|Founded||1916, Turin Italy|
|Felice Mario Boano|
|Services||automotive design, coachbuilding|
|Owner||Ford Motor Company|
Carrozzeria Ghia SpA (established 1916 in Turin) is one of the most famous Italian automobile design and coachbuilding firms, established by Giacinto Ghia and Gariglio as Carrozzeria Ghia & Gariglio, located at 4 Corso Valentino in Turin.
Ghia initially made lightweight aluminum-bodied cars, achieving fame with the Alfa Romeo 6C 1500, winning Mille Miglia (1929). Between the world wars, Ghia designed special bodies for Alfa Romeo, Fiat, and Lancia, one of the most famous was the Fiat 508 Balilla sports coupe (1933). The factory was rebuilt at Via Tomassi Grossi, after being demolished in an air raid during World War II (1943). After Ghia's death (1944), the company was sold to Mario Boano and Giorgio Alberti. The Ghia-Aigle subsidiary was established in Aigle, Switzerland (1948).
Following differences between Boano and the company's Naples-born chief engineer and designer Luigi Segre, Boano left the company in 1953 and ownership passed to Segre in 1954. Under the leadership of Luigi Segre, the decade between 1953 and 1963 saw many foreign firms ordering Ghia designs, such as Ford (the Lincoln Futura concept car), Volkswagen (the Karmann Ghia), and Volvo (the Volvo P1800). Chrysler and its designer Virgil Exner became a close partner for 15 years, resulting in eighteen Chrysler Ghia Specials (1951–53), the K-310, the Chrysler Norseman, the Imperial Crown limousines (Jackie Kennedy, Nelson Rockefeller, and other luminaries owned one), and others. There are even a few Ghia-bodied Ferraris. Ghia also participated in the short-lived Dual-Ghia venture. Production by Ghia was always in very low numbers, giving the company's products even greater exclusivity than those of the other Italian coachbuilders.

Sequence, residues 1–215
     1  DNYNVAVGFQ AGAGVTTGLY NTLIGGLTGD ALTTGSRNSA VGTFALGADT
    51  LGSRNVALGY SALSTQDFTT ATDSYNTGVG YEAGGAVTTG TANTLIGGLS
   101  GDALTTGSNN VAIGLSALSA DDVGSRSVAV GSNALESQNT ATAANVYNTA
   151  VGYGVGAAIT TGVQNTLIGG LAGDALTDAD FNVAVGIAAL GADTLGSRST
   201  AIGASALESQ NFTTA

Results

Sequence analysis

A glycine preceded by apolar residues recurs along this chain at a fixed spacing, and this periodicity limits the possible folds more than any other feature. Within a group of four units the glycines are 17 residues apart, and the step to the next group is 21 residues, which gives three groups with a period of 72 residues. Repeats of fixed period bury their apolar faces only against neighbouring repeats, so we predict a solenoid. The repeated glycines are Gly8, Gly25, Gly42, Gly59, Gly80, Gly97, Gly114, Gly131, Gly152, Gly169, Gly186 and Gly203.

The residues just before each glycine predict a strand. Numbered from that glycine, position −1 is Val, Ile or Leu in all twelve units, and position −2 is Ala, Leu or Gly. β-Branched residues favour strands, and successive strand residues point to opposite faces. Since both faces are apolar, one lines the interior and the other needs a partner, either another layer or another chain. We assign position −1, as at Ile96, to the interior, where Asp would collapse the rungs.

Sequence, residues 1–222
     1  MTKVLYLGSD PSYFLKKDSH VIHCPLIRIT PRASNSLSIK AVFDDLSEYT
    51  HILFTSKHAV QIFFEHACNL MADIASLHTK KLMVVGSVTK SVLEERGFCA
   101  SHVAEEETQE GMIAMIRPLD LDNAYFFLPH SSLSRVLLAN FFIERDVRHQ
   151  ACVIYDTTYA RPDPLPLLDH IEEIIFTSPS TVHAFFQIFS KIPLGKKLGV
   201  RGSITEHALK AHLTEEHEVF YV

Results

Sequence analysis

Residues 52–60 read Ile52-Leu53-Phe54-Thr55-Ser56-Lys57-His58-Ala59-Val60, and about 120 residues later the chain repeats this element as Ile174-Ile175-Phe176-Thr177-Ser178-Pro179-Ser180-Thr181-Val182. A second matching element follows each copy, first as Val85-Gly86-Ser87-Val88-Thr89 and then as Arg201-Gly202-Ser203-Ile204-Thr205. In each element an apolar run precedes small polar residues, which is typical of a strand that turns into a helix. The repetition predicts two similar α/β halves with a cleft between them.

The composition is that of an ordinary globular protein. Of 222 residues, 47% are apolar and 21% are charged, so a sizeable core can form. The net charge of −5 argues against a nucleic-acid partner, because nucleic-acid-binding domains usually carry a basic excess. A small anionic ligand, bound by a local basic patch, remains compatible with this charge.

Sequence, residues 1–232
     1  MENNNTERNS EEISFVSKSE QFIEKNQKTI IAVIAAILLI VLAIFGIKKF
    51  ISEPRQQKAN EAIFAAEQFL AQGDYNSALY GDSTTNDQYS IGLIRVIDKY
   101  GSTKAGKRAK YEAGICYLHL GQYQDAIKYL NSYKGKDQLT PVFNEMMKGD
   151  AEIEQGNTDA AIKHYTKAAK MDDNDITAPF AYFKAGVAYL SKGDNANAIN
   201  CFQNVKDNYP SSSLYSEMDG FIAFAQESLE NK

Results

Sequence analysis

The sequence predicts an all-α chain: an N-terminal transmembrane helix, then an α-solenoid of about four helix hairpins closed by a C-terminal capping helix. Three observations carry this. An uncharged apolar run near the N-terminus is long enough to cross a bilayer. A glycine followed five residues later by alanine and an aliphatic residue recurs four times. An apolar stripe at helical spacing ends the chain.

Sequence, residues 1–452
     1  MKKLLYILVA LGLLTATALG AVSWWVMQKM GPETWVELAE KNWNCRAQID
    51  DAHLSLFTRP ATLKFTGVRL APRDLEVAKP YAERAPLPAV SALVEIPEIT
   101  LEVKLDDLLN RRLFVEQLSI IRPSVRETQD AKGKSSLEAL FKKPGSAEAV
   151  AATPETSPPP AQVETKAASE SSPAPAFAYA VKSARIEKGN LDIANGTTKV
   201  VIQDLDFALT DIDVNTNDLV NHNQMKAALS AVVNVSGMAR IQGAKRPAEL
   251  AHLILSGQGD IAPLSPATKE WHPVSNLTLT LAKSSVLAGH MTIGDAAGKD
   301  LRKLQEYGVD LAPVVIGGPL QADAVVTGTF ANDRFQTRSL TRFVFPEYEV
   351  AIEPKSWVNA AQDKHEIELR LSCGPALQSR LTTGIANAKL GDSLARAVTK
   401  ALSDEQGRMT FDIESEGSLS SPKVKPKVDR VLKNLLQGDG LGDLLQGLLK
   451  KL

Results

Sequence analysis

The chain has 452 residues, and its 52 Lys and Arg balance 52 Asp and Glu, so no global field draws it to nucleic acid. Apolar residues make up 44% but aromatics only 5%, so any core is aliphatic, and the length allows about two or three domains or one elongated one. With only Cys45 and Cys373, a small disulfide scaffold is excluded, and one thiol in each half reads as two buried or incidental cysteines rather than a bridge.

In 1953, Boano left for Fiat, the factory moved to via Agostino da Montefeltro, and Luigi Segre took over. Ghia then brought in Pietro Frua, appointing Frua as head of Ghia Design (1957–60), designing the Renault Floride. After Segres death (1963), Ghia was sold to Ramfis Trujillo (1966), who sold to Alejandro de Tomaso (1967), owner of a rival design house, who took over, but had difficulty in running Ghia profitably. In 1970, he sold his shares to the Ford Motor Company. During this transition period, Ghia had partial involvement in the De Tomaso Pantera, a high-performance, mid-engine car utilizing a Ford V8.
After the Dual-Ghia project had ended, the more up-to-date Ghia L6.4 appeared in 1961. Fewer Mopar parts were used, but the car's bespoke nature meant an astronomically high price and when production ended in 1963 only 25 (or 26) cars had been built. The car's 6,277 cc (383 cu in) Chrysler V8 has 340 hp (254 kW) SAE, and suspension and transmission parts were also hand picked from Chrysler's production line. Both the front and the rear seats consist of separate buckets.
The Ghia name
From 1973, the Ghia name became Ford's top trim-level in its mainstream model range. The trend began in the US and Europe (Mustang II, Granada, Capri, Cortina, Escort, and later Fiesta, Sierra, Orion, Scorpio, Mondeo, Focus all had Ghia trim levels), but soon spread worldwide, particularly to the South American (with the Brazilian Ford Del Rey and versions of Escort, Focus and Mondeo) and Australian markets. One notable exception to this convention was the Scorpio model in the United Kingdom, where it was badged as a Granada Mk.3 – in this case the "Scorpio" name was instead used to designate a trim level higher than Ghia.
In the British market, however, the practice of using the Ghia name in such a capacity was finally phased out in 2010. The Titanium name has instead replaced Ghia as the flagship trim level, and is now used globally across all of Ford's markets to denote the top trim level. The British Ford Fiesta retained the Ghia trim designation for the longest period of any model – 31 years 8 months, uninterrupted, from February 1977 to November 2008. Over in the rest of Europe, the Ghia trim was discontinued as well.
- Ghia L6.4 (1961–1963)
- Ghia 1500 GT (1963–1966)
- Ghia 450 (1966–1967)
- Giacinto Ghia
- Mario Boano
- Luigi Segre
- Sergio Sartorelli
- Giovanni Savonuzzi
- Giorgetto Giugiaro
- Tom Tjaarda
- Pietro Frua
- "1966 Ghia 450 SS". auto.howstuffworks.com. Retrieved 2007-12-25.
- "Nachtschicht im Schloss: A report on a concours d'elegance at Schloss Bensberg". Auto Motor u. Sport. Heft 25 2010: Seite 41. 18 November 2010.
- Björklund, Bengt, ed. (June 1962). "Sportiga skönheter 1962" [Sporty Beauties 1962]. Illustrerad Motor Sport (in Swedish). No. 6. Lerum, Sweden. pp. 22–23.
- Brennan, Jim (2009-05-11). "Chrysler's Italianate Diversions, Part Two: the Ghia L6.4". Automotive Traveler. Archived from the original on 2011-02-17.
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